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What Happens Now That Julian Assange is Implicated in Russian Espionage?


Lost today in the extraordinary news frenzy surrounding the release of a video tape of Donald Trump making unprecedented lewd and obscene comments about women, was Barak Obama’s announcement that the United States officially and publicly accuses Russia of espionage in the hacking of the Democratic National Committee, and stealing documents, now in the possession of Wikileaks. Some may recall Julian Assange’s video interview with Bill Maher on HBO’s Real Time with Bill Maher about a month ago on this topic. It seems clear from the Bill Maher interview that Assange is on a jihad against the DNC because Clinton wanted to prosecute him. Assange has no altruistic motives — it is personal. We have a foreigner trying to influence U.S elections using documents stolen by Russia.

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The Rules of Sewage


This is a metaphorical essay on personal ethics, worthy of a serious read and contemplation. When I saw the title I was intrigued but suspected it had something to do with Andy Grove’s adage, “sewage flows downhill,” which means “if anything bad happens it will eventually flow down to you.” This is about ethics. The points made here are particularly apt in light of the huge number and sheer scale of recent business frauds: the Volkswagen fraud, LIBOR, Lehman Brothers, Bernie Madoff’s pyramid scheme, Conrad Black in Canada, Olympus in Japan, Bernie Ebbers and Worldcom, Tyco International, stretching back all the way to Enron, Michael Milken’s junk bonds, and the 1980’s savings & loan debacle.

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KPMG Canadian Tax Scheme Suspiciously Similar to UBS Tax Evasion Fraud


Canada is routinely cited as a boring backwater in financial services that has none of the scandals plaguing the rest of the industry. But in an extraordinary investigative report on The National, CBC’s Ian Hanomansing revealed an ongoing Canada Revenue Agency investigation, and a looming criminal investigation into KPMG Canada’s Isle of Man tax “haven” scheme reserved for its wealthiest clients. The report names names. Current Canadian government ministers are also implicated in apparent conflicts of interest.

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LIBOR 2: 15 Biggest Global Banks Face New Foreign Exchange Fraud Probe


It appears that international banking fraud and market manipulation continues unabated. The newest scandal brewing involves Swiss, British and American banks manipulating foreign currency exchange rates. The LIBOR fraud scandal has apparently done nothing to improve the ethics of the global financial services industry.

Less than two weeks ago I posted on this blog the revelation that banking authorities in Switzerland had opened an investigation into foreign exchange (arbitrage) fraud by Swiss banks. My report went on to say that the investigation was uncovering implications of broader involvement of banking institutions outside of Switzerland. Today, the Financial Times in London published an explosive article naming 15 global banks now implicated in the expanding investigation of global foreign exchange fraud and manipulation.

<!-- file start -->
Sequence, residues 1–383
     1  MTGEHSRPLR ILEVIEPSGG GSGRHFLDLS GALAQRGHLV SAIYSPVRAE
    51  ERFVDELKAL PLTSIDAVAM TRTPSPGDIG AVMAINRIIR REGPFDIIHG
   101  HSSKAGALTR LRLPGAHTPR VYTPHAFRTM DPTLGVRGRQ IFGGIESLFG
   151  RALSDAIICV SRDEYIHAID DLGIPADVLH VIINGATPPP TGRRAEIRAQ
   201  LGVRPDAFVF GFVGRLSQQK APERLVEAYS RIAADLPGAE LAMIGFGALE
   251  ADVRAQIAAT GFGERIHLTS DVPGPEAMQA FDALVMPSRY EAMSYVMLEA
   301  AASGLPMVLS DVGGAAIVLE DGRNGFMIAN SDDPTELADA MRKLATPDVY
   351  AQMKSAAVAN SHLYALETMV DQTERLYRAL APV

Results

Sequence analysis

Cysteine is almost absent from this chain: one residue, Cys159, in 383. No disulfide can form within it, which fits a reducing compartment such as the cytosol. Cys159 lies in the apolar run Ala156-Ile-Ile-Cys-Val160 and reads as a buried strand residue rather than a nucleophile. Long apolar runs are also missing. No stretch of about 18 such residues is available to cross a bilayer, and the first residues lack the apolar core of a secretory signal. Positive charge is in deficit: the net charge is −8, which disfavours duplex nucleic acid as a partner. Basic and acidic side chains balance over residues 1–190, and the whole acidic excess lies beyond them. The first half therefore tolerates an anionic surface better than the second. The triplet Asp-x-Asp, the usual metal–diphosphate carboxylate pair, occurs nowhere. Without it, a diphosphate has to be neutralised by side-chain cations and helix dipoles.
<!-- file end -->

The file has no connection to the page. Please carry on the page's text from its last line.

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PBS Frontline: The Untouchables…Corporate Crooks Too Big To Jail


PBS Frontline’s January 22nd broadcast will expose “The Untouchables,” the blatant criminal frauds perpetrated against us and the glaring lack of criminal prosecutions. Watch it.

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Aaron Swartz’s Alleged “Crime” And the Business of Breaking the Law


Not surprisingly the groundswell of reaction on the Internet today to the death of Aaron Swartz has focused on the obscene juxtaposition of the charges against Aaron, already dropped by MIT, the potential sentence of 30 years and  fine that he faced, set against the horrendous cases of corporate fraud, money laundering for drug cartels, Iran and Cuba, […]

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Corporate Fines Are Nothing More Than Tax Deductions


In yet another sign that applying monetary fines to corporations is nothing more than adding a “cost of doing business,” The New York Times reported Saturday that corporations routinely, not only pass on the cost of heavy regulatory fines to their shareholders and to consumers, they also write off the fines as corporate tax deductions. […]

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Sorry Saga of Sarbanes Oxley And It’s Global Effect


http://www.forbes.com/sites/frederickallen/2012/07/29/sarbanes-oxley-10-years-later-boards-are-still-the-problem/   This post on Forbes.com makes the point that corporate governance is still a major problem…and twigged me about the much broader implications of the failure to enforce Sarbanes Oxley. The Sarbanes Oxley legislation was passed by Congress with great fanfare over 10 years ago in the wake of the Enron scandal.  The potential penalties […]

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